As many as 1,000 patients suffered harm from medical devices hit by a cybersecurity attack, according to a new survey of executives of device manufacturers and provider organizations.
The survey, conducted by researchers at the University of California San Diego, is scheduled for publication in an academic journal. The results were announced by Christian Dameff, M.D., an emergency physician and clinical informatics researcher at UCSD at the HIMSS Healthcare Security Forum this week.
Of the 40 executives from some of the largest medical device vendors and provider organizations, two said 100-1,000 patients were harmed during an unreported adverse event associated with a medical device cybersecurity vulnerability.
Twenty percent of survey respondents did not implement new policies based on the Food and Drug Administration’s pre and postmarket cybersecurity guidance, which includes regulations for meeting mandatory quality system regulations. The same percentage said they don’t plan to implement any new policies.
Eight in 10 respondents said cybersecurity risks outpace the media’s perception.
Medical device cybersecurity is a growing concern among industry groups and lawmakers. But there have been no reported instances of patient harm tied to an attack, in part because it is difficult to make a direct association.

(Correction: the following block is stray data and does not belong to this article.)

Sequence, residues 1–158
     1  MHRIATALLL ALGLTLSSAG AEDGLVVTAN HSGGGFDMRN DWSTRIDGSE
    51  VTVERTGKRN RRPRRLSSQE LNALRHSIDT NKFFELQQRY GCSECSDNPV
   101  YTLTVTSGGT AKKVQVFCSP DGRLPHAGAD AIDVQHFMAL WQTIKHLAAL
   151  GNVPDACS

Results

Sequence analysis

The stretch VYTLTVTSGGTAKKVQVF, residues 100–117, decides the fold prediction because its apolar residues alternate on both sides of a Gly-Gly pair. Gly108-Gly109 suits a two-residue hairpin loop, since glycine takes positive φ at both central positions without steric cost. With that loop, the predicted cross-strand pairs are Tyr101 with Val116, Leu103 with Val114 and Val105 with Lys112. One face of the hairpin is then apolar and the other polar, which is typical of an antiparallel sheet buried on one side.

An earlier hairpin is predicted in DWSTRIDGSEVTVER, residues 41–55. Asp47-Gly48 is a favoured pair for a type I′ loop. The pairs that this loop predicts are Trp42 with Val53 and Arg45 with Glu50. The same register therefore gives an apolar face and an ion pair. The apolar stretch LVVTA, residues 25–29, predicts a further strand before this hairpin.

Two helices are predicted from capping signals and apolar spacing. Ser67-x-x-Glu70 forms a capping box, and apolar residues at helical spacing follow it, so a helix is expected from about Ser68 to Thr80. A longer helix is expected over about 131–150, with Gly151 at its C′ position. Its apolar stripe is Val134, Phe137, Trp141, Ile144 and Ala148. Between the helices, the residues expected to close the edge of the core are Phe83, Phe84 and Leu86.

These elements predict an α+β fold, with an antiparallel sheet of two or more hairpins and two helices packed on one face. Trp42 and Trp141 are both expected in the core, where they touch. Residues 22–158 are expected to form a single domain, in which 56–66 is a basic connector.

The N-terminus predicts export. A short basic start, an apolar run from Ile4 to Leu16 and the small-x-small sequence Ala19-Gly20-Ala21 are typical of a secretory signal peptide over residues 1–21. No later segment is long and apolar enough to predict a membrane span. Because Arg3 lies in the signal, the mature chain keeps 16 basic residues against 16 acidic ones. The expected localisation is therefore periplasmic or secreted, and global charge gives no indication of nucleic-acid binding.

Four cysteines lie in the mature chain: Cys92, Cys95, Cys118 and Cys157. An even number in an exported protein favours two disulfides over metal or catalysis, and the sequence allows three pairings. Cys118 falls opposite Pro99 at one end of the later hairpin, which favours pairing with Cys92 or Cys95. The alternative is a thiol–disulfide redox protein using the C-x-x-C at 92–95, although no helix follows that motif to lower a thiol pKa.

In April, the House Energy and Commerce Committee launched a deeper dive into cybersecurity risks associated with legacy medical devices. This week, AdvaMed issued a response in a letter (PDF) to the committee emphasizing the importance of patient safety “in a world where technology constantly evolves.”
But the organization also said the shelf life of underlying technology is just 3-4 years, making it difficult to support updates or patches beyond that time frame.
“Once a technology is depreciated (e.g., 32-bit processors, encryption algorithms, total system storage and memory, and other hardware limitations), updates are either no longer available or not possible,” the organization wrote. “Manufacturers and health care delivery organizations typically implement defense-in-depth controls to mitigate risks presented by legacy technologies; however, these technologies simply cannot be supported in perpetuity.”
The group also pointed to the high costs associated with fixing a single vulnerability and argued that requiring manufacturers to support legacy technology would impact their ability to innovate.
“As FDA and others have stated, risk management of potential cybersecurity threats is a ‘shared responsibility’ among all stakeholders—manufacturers, hospitals, healthcare professionals, patients, regulators, IT developers, etc.—and we look forward to working with all stakeholders on ways to address potential threats in this area,” AdvaMed spokesperson Mark Brager said in a statement.
Device recalls reached record highs over the first three months of 2018, with software as the biggest driver. Last year, a Department of Health and Human Services Cybersecurity Task Force issued a report highlighting significant vulnerabilities across the healthcare industry. The taskforce specifically called out legacy devices as a weak spot and recommended HHS adopt a “Cash for Clunkers” program for providers to trade in old devices.